University of Vienna: Keeping meiotic entry in check

Sexual reproduction relies on the production of maternal (egg) and paternal (sperm) gametes, each containing half the DNA content of their parental cells. Fusion of egg and sperm reconstitutes the full DNA complement required for embryonic development. The production of gametes in the germline is achieved by a highly regulated process called meiosis. Premature or delayed entry into meiosis can compromise the ordered execution of the meiotic program, leading to embryonic lethality. The mechanisms that regulate the timing of meiotic entry are, however, poorly understood. The nematode worm C. elegans has a relatively short life cycle and shares many molecular processes with higher organisms, which makes it an excellent animal model organism to study the basic mechanisms of meiosis.

The Jantsch lab previously observed that C. elegans lacking a component of the targeted protein degradation pathway, PROM-1, showed a delayed entry into meiosis. The team then set out to identify potential targets of PROM-1. “When we knocked out the gene encoding the phosphatase PPM-1.D, we observed that defects in meiotic entry were largely reversed”, explains lead author and Postdoc in the Jantsch Lab, Antoine Baudrimont. “The obvious questions were why and how?”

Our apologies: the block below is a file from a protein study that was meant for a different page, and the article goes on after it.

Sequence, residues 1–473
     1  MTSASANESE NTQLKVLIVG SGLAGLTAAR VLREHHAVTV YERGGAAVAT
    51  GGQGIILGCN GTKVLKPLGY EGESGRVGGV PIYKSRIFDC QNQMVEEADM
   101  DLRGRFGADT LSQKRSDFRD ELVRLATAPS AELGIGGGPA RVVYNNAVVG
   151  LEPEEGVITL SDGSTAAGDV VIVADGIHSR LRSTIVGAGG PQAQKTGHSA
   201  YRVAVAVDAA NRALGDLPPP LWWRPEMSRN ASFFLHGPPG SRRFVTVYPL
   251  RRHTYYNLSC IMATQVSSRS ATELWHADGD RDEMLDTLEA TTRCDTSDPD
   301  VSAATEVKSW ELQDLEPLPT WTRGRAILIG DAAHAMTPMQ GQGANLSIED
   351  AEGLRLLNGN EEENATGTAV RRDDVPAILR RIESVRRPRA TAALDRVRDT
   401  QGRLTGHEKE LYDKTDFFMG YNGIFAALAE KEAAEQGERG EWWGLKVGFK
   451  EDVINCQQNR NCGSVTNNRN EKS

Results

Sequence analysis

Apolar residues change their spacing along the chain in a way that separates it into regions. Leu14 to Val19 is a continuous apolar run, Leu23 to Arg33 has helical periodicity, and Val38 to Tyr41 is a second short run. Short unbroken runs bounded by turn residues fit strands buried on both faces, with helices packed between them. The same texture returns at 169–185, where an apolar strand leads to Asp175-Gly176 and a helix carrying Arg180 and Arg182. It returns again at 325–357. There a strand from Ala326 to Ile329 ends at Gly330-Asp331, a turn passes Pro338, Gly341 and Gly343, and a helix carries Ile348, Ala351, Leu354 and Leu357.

With the help of the Max Perutz Labs Mass Spectrometry Facility, the scientists identified the cell-cycle checkpoint kinase CHK-2 as an interaction partner of PPM-1.D. CHK-2 is a key regulator of meiotic prophase in C. elegans. By teaming up with the lab of biochemist Sebastian Falk, they were able to confirm and map the interaction in vitro. The team discovered that PPM-1.D regulates entry into meiosis by antagonizing the activity of CHK-2, thus the loss of ppm-1.D leads to unscheduled meiotic entry. However, surprisingly, PPM-1.D does not achieve this via conventional dephosphorylation of CHK-2, but by tethering it at the nuclear periphery. “PPM-1.D sequesters CHK-2 by binding it via its C-terminal domain”, explains Antoine Baudrimont. “When PROM-1 is upregulated, it degrades PPM-1.D, liberating CHK-2 into the nuclear interior and thereby launching the meiotic program.”

PPM-1.D is a conserved phosphatase known to be involved in the DNA damage response. “Our findings establish a novel function for PPM-1.D as a prominent factor regulating the transition from the progenitor cell fate to meiotic entry”, says group leader Verena Jantsch. The team’s findings may also have implications in cancer, since the human homolog of PPM-1.D is frequently observed to be upregulated. “The next step is to find out whether it is also a target for degradation by the human homolog of PROM-1, where next to nothing is known about potential targets”, says Verena Jantsch.

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